Microbes are there all around us and inside our system too. Even with microbes, we do not usually get infections because they are in a balanced state. Any imbalance in their quantities can lead to internal or external infections.
Yeast – Candida albicans – is a common fungus found on human skin, mouth, throat, digestive tract, and vaginal area in minute quantities. These minute quantities do not pose any problem, do not lead to an infection, or present any symptoms.
In the women’s vaginal regions there are several microbes in minute quantities – referred to as vaginal flora – which are kept in balance by the healthy body. Under certain favorable conditions, these microbes breed excessively causing infections in the urinary tract and reproductive organs.
When the yeast – Candida Albicans breeds uncontrollably, they cause vaginal infections known as Vaginal Candidiasis, Vulvovaginal Candidiasis, or Candidal Vaginitis.
- Itching in the vaginal, cervical and vulval area.
- Swelling of the private parts
- Difficulty in urination combined with burning sensation.
- Pain during intercourse.
- Soreness, redness and rashes around the vaginal area
- Abnormal discharge from vagina which can be yellowish clump or watery.
- White spots on the vaginal walls which are dry. Cracked skin around the vulva.
Overgrowth of candida causes yeast infection due to the imbalance in the human system. The common reasons are listed.
- Use of antibiotics for treatment of other infections. This can disrupt the normal microbial balance in the vaginal region.
- Pregnancy can also disrupt the microbial balance due to hormonal changes.
- Obesity can cause yeast infections. Trapped moisture and warmth in the folds of skin are ideal for microbial growth.
- Diabetic condition. People with higher glucose levels in their blood are more prone to candida attacks.
- Low Immunity levels can increase the risk of yeast infections.
- Periods. This is when there is hormonal imbalance, thereby increasing the chances of yeast infections.
- Stress. This leads to a compromise of immune system leading to yeast infections.
Diagnosis involves the external examination of the pelvic area, namely – the external vulval area, vagina, and cervix. Typical signs of swelling, rashes, white spots in the vaginal tract, and dry cracks in the vulval skin will indicate a yeast infection.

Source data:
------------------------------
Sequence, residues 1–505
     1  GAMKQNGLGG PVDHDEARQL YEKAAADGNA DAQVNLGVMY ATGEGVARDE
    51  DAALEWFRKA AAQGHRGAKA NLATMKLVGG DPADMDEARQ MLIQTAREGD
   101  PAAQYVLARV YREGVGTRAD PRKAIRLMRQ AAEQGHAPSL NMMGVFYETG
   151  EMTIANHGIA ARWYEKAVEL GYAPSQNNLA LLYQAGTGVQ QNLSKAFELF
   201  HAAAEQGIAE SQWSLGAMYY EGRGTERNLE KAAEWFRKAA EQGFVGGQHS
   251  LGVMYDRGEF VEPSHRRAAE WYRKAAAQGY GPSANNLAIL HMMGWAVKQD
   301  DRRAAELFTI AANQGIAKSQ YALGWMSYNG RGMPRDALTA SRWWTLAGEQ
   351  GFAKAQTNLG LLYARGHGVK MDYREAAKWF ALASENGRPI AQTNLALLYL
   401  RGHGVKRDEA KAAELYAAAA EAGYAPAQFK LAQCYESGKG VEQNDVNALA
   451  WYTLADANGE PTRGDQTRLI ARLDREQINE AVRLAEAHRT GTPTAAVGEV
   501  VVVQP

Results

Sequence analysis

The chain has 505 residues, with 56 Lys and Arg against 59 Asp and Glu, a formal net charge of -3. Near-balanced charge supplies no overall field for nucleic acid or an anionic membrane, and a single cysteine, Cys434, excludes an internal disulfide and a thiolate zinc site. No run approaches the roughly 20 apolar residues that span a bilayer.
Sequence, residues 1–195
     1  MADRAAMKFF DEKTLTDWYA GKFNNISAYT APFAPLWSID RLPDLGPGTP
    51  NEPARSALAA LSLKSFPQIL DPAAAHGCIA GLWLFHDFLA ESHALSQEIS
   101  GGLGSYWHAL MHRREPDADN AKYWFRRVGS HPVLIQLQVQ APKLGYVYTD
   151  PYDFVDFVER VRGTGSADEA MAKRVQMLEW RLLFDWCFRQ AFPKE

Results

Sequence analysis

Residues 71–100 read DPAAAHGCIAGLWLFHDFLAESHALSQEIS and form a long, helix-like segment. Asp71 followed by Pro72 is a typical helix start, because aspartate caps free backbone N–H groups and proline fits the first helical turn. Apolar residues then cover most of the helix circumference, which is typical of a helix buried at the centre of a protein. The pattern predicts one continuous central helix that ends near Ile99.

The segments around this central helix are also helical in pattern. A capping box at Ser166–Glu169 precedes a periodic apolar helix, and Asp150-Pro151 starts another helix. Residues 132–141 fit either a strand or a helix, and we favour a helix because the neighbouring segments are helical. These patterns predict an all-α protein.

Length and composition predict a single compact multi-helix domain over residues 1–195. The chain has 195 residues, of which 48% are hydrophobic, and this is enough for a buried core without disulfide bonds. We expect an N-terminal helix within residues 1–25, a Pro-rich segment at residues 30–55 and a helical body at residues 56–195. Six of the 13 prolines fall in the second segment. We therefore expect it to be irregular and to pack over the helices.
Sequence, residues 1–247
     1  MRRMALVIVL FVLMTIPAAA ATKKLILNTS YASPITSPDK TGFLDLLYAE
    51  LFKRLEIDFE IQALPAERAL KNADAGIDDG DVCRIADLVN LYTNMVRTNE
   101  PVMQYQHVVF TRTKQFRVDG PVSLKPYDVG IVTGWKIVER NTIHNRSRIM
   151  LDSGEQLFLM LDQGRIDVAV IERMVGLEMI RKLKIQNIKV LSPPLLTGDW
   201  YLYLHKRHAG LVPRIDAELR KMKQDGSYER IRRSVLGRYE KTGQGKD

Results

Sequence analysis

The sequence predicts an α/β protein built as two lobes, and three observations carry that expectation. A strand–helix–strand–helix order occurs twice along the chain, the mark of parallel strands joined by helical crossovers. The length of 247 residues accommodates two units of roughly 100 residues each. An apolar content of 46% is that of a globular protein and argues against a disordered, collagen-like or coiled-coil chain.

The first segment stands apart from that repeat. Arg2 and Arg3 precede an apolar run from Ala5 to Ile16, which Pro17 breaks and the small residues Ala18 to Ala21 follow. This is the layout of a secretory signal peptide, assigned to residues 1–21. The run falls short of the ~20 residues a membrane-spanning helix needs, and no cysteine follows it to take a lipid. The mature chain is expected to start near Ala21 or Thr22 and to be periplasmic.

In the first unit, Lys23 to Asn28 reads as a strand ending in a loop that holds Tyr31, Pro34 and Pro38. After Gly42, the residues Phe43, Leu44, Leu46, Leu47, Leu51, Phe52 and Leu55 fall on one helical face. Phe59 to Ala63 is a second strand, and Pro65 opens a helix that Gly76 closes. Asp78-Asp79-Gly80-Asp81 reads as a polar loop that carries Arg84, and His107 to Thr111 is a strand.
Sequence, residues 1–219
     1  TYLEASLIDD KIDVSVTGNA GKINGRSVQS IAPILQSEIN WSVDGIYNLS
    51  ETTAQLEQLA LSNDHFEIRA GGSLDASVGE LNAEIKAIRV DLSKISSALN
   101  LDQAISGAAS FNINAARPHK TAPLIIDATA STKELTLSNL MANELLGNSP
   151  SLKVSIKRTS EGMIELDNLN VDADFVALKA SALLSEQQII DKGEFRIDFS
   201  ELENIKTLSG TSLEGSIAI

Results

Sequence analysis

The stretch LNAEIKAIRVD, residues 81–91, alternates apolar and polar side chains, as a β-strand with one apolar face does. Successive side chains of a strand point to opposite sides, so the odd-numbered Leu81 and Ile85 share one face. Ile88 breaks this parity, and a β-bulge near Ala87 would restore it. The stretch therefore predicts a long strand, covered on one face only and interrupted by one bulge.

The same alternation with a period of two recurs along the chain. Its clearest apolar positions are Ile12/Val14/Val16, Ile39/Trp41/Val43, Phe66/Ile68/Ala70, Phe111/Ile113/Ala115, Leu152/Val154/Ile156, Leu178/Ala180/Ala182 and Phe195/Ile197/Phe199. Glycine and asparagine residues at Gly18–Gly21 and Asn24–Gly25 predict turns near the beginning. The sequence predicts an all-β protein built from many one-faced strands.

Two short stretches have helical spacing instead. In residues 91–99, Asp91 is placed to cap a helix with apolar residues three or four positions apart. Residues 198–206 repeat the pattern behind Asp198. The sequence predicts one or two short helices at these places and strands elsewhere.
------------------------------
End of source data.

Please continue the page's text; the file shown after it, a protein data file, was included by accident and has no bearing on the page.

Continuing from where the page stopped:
The vaginal discharge may be collected and sent for a “wet mount” or “KOH test” in conditions where there is no healing with treatment or recurrence of infections.
Duration of treatment for yeast infections varies with the severity of the symptoms presented. A combination of antifungal creams, ointments, and oral tablets is prescribed for 1-7 days for mild infections. For severe infections, a 14 days course of treatment is required. Commonly used drugs for treating yeast infections include,
Butoconazole, Teraconazole, Miconazole, Clotrimazole and Flucanozole.
Following personal hygiene, having a proper diet, and avoiding the triggers that can lead to yeast infections will go a long way in preventing recurrent infections.
- A proportionate diet with sufficient probiotics, especially lactobacillus is helpful in avoiding the incidence of yeast infections.
- Using undergarments made of cotton. Avoiding the use of nylon or silk which increases sweat and trap moisture in the genital area leading to fungal growth.
- Regular washing of undergarments.
- Avoiding the use of tight fitting clothes.
- Avoiding the use of powder sprays or perfumes in and around the genital area.
- Avoiding wearing of wet clothes for an extended duration.
- Avoiding douching which washes away the good bacteria from the vaginal region that helps in preventing yeast infections.
- Not having very hot water bathing or soaking for a long duration.
- Reducing the unnecessary use of antibiotics.
- Maintaining the blood glucose level for diabetics.
Yeast infection and Sexual Intercourse
Yeast infection is not considered an STD (sexually transmitted disease). But having a sexual relationship with a person with a yeast infection can sometimes cause the transmission through oral, vaginal, or penile routes. Usually, the transmission of bacteria during sexual intercourse can disrupt the microbial balance which can lead to the possibility of yeast infection.
Difference between Yeast Infection and BV
Bacterial Vaginosis (BV) is common in women caused because of disruption in vaginal bacterial flora. It can sometimes be confused with Yeast Infections, presenting the same symptoms. Yeast infections do not cause long-term problems whereas BV if untreated can cause harm. The doctor in charge can help with the incorrect diagnosis of the type of infection and take the appropriate action.
Yeast Infections during Periods
While having periods in itself is stressful and tiring, a yeast infection coming along is like a dual hit. It is common for women to experience an episode of yeast infection just before periods. Hormonal imbalance at this stage is supposedly the reason for yeast infections. While it is an annoyance, proper diagnosis and timely treatment are required.
It is imperative that the symptoms of yeast infections are identified and immediate remedial measures are taken to prevent discomfort. Knowing one’s risk factors can go a long way in the prevention of recurrent infections. Speaking to a doctor and taking medical advice is recommended if the infections last more than a couple of months or relapse frequently.